Sage Advice for the New Member

By Marilyn MacKensie and Gail Moore
From The Group Member's Handbook

1. Listen, listen, listen. Find out what people think, where they would like the committee to be, their dreams and demons.

2. Ask clarifying questions:

  • What do these initials mean?
  • What is the usual practice in receipting donations?
  • How did you become interested in this agency?

Notice there is no implied criticism of how things were done a certain way. Consider yourself in the DATA GATHERING phase, with no evaluation or judgment at this time.

3. Demonstrate respect for past efforts and especially the people who have led the organization or your committee in the past.

4. Support suggestions of others when you feel they are sound. Identify one or two things you like about the suggestion, clearly crediting the development of the proposal to the other person.

"I think Bob has a great idea. I especially like the inclusion of spouses for our appreciation dinner."

"I'd like to speak in support of Jennifer's motion. We need to be seen at local events more often. The increased community profile makes a lot of sense."

5. When you are evaluating the comments offered by an established committee member, practise the itemized response technique.

Before you level any criticism of another's viewpoint, identify two specific things you like about the proposal. That done, identify one aspect you might change. Be careful how that item is presented - instead of being negative or critical, try to focus on your wish for the outcome.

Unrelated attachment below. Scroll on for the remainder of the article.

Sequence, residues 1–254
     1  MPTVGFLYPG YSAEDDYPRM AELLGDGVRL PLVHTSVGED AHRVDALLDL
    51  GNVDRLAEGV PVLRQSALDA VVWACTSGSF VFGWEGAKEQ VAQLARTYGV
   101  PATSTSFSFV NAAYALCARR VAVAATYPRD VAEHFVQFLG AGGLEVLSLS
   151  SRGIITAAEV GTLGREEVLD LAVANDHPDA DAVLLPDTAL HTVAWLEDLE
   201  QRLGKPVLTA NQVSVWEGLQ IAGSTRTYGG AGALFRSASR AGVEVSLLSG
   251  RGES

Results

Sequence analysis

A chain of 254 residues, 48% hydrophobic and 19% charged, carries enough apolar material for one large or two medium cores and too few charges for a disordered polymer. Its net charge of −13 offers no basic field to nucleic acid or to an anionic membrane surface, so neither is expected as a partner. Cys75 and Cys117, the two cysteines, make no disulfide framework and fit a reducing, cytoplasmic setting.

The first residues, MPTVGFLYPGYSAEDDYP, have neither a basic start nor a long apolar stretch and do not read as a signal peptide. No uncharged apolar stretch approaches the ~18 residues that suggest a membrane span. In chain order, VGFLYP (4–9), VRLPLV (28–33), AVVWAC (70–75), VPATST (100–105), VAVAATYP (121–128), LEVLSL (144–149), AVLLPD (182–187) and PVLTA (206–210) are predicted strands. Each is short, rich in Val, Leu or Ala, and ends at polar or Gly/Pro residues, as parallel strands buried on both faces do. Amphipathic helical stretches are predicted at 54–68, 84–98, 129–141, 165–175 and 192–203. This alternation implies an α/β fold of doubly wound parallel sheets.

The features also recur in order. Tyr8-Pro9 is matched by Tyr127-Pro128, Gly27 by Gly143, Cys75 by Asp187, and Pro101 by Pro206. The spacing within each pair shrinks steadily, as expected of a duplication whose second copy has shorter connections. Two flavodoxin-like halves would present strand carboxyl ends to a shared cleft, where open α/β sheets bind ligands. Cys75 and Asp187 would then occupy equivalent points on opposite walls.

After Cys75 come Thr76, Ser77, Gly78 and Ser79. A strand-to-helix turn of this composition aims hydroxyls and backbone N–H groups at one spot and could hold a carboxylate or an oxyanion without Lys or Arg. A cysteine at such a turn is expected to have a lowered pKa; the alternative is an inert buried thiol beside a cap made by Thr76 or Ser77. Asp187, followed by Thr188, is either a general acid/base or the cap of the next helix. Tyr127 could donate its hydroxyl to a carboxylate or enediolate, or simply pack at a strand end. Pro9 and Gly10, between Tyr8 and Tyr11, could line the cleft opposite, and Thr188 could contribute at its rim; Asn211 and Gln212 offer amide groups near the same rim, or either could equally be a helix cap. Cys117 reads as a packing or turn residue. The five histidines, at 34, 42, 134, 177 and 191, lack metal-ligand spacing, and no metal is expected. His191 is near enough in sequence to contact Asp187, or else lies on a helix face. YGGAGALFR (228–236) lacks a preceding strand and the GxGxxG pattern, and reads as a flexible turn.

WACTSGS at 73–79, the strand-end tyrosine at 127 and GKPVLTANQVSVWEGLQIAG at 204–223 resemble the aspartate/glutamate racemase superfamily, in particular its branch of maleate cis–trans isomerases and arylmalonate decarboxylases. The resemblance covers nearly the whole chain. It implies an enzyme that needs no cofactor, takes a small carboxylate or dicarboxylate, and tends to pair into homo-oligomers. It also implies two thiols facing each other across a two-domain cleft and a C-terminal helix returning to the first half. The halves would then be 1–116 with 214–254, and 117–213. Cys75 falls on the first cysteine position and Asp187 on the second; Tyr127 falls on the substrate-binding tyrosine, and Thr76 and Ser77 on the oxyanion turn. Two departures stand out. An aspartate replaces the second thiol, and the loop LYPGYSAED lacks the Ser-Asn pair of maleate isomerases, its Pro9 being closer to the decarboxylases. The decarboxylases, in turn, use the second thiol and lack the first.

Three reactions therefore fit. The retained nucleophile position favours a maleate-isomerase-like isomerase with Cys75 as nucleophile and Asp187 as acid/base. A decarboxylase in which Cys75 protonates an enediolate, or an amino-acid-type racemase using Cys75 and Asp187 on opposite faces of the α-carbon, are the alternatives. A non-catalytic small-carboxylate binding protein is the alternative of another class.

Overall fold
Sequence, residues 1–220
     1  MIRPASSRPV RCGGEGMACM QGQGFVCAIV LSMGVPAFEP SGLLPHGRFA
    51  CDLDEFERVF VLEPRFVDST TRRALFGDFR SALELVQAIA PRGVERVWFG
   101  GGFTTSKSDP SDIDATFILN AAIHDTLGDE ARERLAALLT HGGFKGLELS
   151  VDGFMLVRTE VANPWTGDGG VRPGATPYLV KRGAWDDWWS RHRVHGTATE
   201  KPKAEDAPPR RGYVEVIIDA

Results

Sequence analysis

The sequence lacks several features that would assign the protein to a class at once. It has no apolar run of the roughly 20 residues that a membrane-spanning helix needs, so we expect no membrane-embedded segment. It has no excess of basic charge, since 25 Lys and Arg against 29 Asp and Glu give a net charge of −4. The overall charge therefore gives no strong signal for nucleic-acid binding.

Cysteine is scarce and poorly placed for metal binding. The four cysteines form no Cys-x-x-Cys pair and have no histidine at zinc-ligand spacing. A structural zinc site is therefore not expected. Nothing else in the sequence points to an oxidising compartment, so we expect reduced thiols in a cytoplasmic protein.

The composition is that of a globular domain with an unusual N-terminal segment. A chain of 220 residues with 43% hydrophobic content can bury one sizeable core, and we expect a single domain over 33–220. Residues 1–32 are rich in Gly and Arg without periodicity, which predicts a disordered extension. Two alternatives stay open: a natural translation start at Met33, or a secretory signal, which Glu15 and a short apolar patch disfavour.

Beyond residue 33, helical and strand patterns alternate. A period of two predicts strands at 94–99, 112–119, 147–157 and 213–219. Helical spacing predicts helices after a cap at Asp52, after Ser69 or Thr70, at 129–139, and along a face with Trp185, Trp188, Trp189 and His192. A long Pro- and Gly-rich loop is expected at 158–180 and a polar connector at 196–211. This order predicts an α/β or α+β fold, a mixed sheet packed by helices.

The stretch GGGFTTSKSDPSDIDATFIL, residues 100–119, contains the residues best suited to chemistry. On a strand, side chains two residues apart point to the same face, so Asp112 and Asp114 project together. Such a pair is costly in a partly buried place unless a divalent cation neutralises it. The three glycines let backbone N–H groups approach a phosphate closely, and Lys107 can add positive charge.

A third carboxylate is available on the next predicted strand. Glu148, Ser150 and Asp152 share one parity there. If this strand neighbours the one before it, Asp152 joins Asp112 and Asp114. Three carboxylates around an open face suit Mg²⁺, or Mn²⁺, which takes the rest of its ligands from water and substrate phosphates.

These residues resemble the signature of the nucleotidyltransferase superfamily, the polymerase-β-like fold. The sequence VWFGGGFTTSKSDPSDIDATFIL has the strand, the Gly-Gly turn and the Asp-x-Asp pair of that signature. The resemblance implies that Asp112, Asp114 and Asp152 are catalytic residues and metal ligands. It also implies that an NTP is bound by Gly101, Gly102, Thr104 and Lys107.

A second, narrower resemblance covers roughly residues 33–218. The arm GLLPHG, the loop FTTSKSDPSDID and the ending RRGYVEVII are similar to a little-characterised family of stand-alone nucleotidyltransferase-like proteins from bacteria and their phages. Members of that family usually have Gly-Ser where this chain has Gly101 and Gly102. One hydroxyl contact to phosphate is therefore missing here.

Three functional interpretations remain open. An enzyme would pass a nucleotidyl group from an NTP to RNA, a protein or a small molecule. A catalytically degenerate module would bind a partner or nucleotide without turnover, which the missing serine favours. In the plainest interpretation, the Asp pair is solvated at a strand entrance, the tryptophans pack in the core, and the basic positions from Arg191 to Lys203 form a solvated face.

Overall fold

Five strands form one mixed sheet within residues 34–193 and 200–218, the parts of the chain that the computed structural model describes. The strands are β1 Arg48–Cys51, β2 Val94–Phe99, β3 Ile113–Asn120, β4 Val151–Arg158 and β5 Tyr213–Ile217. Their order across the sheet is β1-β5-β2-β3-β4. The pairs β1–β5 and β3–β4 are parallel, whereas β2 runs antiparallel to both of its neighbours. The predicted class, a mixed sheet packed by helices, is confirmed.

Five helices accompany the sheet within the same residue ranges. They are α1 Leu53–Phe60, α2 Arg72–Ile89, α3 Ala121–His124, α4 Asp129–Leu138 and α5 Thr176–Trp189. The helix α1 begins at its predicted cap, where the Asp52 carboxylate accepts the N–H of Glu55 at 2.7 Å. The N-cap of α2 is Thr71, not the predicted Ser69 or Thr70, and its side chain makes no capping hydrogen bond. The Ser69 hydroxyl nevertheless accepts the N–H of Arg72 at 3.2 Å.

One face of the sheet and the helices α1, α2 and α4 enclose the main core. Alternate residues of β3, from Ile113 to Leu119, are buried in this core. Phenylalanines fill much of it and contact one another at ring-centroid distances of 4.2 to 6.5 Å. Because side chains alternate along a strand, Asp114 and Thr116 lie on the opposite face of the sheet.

Not this:

"This idea needs a lot of work. The title is wrong, I've got my doubts about a Saturday/Sunday thing and the mailing list is incomplete."

Examples:

"I'm excited about the location of the Bingo and the partnership with the Lion's Club, but my wish would be for a non-smoking event."

"I love the idea of new uniforms for the Little League teams, especially from this supplier. My hope is that we can share the costs with the parents through fundraising projects."

"I think the format and design layout for the Amateur Theatre Night brochure is right on. I'd love to see a bright, show-stopping colour added to the text."

Your purpose here is to have your ideas heard. In acknowledging specifically what you like, you build allies who view the world as you do. You clarify your points of agreement and introduce a single point of departure as a wish thatthe listener may choose to consider. Such a placement and wording invites a positive response.

6. Present ideas as questions or tentative proposals rather than should-do's or must act.

Not this:

"When I was with Girl Guides, we did it this way and it worked very well." (Invites the response "But this isn't Girl Guides...")

But rather:

"What would happen if we increased the fees to $75.00 per person? What fall-out do you anticipate?"

"How would the public respond if we change the picnic site to a national park instead of the private site?" (Invites the response "Let us together consider this option.")

7. Identify your unique contribution to the proceedings. Be prepared to offer that to the full group.

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